In reference to the Trinity test of Atomic Bomb in New Mexico, the father of atomic bomb, Robert Oppenheimer, famously recalled the Gita: “If the radiance of a thousand suns were to burst at once into the sky that would be like the splendour of the mighty one. . . . Now I am become Death, the destroyer of worlds.”

Was the scientist quoting the verses from Gita to justify the destructive invention, after all Mahabharata is replete with the usage of such destructive weapons?

It remains a matter of debate whether Oppenheimer misunderstood the overall significance of Gita. However, he did misquote a particular verse as a half-truth under an impression that the Gita is a treatise on war and peace only. War as envisaged by Gita is not incompatible with a life of peace and righteousness if waged for its preservation (as dharmayuddha).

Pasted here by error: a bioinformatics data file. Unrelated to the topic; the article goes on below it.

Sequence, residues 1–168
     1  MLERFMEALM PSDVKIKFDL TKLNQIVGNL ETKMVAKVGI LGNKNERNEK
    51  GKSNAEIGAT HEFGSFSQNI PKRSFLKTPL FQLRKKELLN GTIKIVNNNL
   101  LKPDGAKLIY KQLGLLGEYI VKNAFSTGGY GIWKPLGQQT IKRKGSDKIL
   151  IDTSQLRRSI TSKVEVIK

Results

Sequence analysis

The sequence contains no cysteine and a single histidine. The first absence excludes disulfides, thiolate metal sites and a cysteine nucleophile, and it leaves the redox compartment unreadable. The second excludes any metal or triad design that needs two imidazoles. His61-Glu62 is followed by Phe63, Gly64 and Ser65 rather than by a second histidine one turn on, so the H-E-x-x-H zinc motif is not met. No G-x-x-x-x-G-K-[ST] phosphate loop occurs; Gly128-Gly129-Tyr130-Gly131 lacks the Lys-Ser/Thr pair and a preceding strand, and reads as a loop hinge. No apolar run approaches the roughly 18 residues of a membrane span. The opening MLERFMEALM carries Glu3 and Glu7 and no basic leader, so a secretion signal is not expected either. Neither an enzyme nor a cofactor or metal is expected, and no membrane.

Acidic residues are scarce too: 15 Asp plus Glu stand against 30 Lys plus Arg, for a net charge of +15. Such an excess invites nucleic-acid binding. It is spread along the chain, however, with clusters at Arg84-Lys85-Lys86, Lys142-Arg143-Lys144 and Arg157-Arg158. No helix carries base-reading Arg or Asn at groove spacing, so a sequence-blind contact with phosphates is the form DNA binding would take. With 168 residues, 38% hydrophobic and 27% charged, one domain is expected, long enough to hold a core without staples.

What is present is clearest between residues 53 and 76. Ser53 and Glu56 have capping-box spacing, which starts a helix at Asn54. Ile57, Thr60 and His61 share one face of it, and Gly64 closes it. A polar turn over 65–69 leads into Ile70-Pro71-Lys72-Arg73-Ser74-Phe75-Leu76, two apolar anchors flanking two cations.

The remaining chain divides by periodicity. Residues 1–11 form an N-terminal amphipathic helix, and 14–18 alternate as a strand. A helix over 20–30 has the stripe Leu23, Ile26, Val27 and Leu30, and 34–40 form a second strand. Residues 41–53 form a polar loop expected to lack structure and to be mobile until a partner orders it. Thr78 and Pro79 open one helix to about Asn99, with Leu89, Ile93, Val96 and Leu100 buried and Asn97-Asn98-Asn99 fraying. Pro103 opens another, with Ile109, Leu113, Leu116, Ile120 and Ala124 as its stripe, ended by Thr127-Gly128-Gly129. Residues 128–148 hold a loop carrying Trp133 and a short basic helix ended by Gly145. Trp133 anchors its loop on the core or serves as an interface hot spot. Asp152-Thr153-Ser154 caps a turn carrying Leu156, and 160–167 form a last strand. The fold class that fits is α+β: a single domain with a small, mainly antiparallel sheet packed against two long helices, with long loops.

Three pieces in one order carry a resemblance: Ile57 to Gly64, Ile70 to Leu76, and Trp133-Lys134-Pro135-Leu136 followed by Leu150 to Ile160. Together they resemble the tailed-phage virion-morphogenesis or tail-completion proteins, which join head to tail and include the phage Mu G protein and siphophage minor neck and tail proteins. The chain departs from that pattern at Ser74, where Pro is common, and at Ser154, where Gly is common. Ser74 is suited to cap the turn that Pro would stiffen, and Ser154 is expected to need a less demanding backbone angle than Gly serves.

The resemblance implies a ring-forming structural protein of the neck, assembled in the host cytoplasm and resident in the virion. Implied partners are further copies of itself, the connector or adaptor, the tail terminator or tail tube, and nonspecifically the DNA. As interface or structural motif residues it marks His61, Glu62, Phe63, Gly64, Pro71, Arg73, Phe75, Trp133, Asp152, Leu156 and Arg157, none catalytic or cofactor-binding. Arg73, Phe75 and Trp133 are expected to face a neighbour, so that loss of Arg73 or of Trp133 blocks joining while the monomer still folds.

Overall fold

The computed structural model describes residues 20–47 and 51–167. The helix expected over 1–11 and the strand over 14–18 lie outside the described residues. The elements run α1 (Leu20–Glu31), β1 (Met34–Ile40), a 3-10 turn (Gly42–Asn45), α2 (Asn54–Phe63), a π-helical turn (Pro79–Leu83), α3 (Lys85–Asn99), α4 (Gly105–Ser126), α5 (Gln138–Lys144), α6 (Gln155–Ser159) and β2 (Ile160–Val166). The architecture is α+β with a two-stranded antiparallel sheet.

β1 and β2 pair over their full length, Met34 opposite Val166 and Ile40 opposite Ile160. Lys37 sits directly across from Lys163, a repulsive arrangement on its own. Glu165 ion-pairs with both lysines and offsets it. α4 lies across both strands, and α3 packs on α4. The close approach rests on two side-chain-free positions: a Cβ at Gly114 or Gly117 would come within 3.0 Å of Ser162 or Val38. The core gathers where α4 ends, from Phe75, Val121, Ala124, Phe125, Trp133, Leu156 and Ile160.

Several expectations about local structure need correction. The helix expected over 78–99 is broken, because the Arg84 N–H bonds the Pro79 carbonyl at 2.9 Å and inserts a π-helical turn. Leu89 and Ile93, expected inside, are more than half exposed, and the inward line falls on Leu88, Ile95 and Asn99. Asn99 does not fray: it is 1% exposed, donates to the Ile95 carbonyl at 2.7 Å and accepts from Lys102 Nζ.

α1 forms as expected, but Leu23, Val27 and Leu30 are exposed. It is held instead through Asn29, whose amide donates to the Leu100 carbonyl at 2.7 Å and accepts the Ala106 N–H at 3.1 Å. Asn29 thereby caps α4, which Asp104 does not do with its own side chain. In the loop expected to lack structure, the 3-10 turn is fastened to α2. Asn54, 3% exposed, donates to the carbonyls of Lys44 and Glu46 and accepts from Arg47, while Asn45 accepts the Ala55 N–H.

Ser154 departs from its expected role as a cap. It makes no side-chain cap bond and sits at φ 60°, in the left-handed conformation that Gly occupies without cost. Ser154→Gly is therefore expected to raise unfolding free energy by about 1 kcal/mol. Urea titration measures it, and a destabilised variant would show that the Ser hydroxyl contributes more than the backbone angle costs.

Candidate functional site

In my opinion, Oppenheimer made a quotation out of context. In fact, the importance of Gita stems from its prescribed value of human life and fighting for its maintenance and resurrection if need be. Human beings then, perhaps, not only knew how to destroy but also realised the peaceful use of nuclear energy.

The rules contained in Mahabharata generally governed issues ranging from the general prohibition of the use of weapons that caused unnecessary pain, to overcoming the enemy, to the treatment of the enemy’s property and persons in the conquered territory. If the modern laws of war were to require that when war breaks out, fighting must be conducted on the basis of ‘like with like’ or by using like weapons, it would not only minimise the impact of war but would also deter aggression and make war more humane.